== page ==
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Some Useful Ingredients of Mouthwatering Food Photography

Winston Mathews by Winston Mathews on April 10, 2014

Making food photography is definitely an engaging process. But in many cases it turns to be a rather challenging task requiring a lot of creativity, finesse and concentration, since its main idea is to create really vivid, impressive and mouthwatering images that can make anyone zealous to try the food presented on them.

With my solid experience in shooting food and drinks, I’d like to share some tips that hopefully will come useful, whether you are going to make appetizing photos for food magazines, recipe-books, restaurant booklets, etc. or just for your personal Instagram account.

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Lighting is Everything

Choosing the right lighting is the key part of success in any photography project. Before setting a light, color and shadow balance, think out thoroughly the composition you are going to create as well as the mood you wish to convey around any particular food.

  • As an ardent adherer of everything natural, I suggest to use organic, mild window light, avoiding direct sunlight though. Such light will help you create pleasant and comforting look and feel of food, emphasizing its natural freshness and appeal.
  • If the sunlight is too bright, you can easily soften it by fixing tracing paper, vellum paper or a translucent paper to the window.
    Try not to use the camera flash. However, when it is essential, avoid pointing your on-camera flash directly on the object, so that only the light edge reaches the target. Alternatively, you can point the flash to lighten the background only.
  • With the help of small mirrors you can easily reflect the main light back to the front of your object and enhance the appearance of depth.
  • I would also suggest to take advantage of collapsible reflections that come with black, gold, silver and diffuser panels. While being rather compact and requiring reasonable costs, these tools are really fantastic and do great job of managing light directions.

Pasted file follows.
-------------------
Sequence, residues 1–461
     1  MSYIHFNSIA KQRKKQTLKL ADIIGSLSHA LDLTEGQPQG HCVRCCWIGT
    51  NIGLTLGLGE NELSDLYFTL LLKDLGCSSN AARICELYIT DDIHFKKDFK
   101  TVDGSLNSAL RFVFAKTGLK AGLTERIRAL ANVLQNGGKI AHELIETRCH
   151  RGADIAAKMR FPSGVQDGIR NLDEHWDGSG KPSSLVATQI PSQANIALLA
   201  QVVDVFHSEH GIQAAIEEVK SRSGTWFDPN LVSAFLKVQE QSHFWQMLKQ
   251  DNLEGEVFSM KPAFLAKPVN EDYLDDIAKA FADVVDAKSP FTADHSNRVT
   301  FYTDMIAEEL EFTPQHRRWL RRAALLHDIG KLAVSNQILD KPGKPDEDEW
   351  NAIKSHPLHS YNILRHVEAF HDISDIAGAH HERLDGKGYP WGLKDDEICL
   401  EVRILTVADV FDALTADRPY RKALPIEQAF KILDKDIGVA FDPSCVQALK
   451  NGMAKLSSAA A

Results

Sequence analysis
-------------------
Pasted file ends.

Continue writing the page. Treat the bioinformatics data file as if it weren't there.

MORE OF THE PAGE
• Don’t be afraid of experiments – try to combine large and small light sources on the same shot. This is especially useful, when working large objects like steaks, fish, large fruit, vegetables, etc. The graduation of tone across the object will surely add more interest and enticement to it.
  • Some other nice techniques that can do magic to your shots include: reflection on a plate created from the large backlight, extra small light source to enhance the texture of a white dish, combine the lights and darks to add depth to images.
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Choosing Lenses

Just as with portrait photography, shooting meals and drinks implies working at a rather close range, where there is the necessity to capture sharp details, flatter various features and, quite often, work very quickly (when shooting hot or iced meals).

Therefore, my professional advice here is to use razor-sharp, fast standard (60-105mm) and telephoto (150-200mm) lenses. Such lenses will certainly help you get the job done perfectly resulting in striking and elegant images with polished details and refined appeal.

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I personally love working with medium lenses like the Nikon 60mm f/2.8 D AF Micro-Nikkor, Canon EF 100mm f/2.8 USM Macro (AF) and Tamron SP 90mm f/2.8 Di; and telephoto lenses like the Tamron SP 180mm f/3.5 Di Macro LD-IF.

Some Other Useful Tricks

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  • Highlight sauces and gravies by using a broad light reflector.
  • When working on the image style of a completed meal, add some of essential ingredients and tools to its composition by placing them around the object. This will certainly help you arouse more interest both in the dish itself and its visual composition.
  • Using garnish, like green herbs, a bit of salad, edible flower, toasted bread, etc. is a great way to add texture, color and appeal to a meal. This method comes especially helpful when shooting monochromatic dishes, like cereals, cream soups and hummus.
  • The first bite looks as best as it tastes. Create the image of the first bite with a spoonful of a delicious meal, nibbled cake or, for example, some crumbs scattered around or near cookies. Show viewers how the first bite looks like and they will surely feel itchy to grab the spoon or fork right from your photo.

What is your personal food photography experience? Perhaps you have some other tricks on mind? Feel free to share your ideas and suggestions via Twitter or Facebook.

About the Author

Winston Mathews Winston Mathews is a photographer and fan of the Ralph Smith food and drink photography studio, located in Houston, Texas. Take a look at the Ralph Smith's beverage photography portfolio or read the latest news in the photography blog.

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Some Useful Ingredients of Mouthwatering Food Photography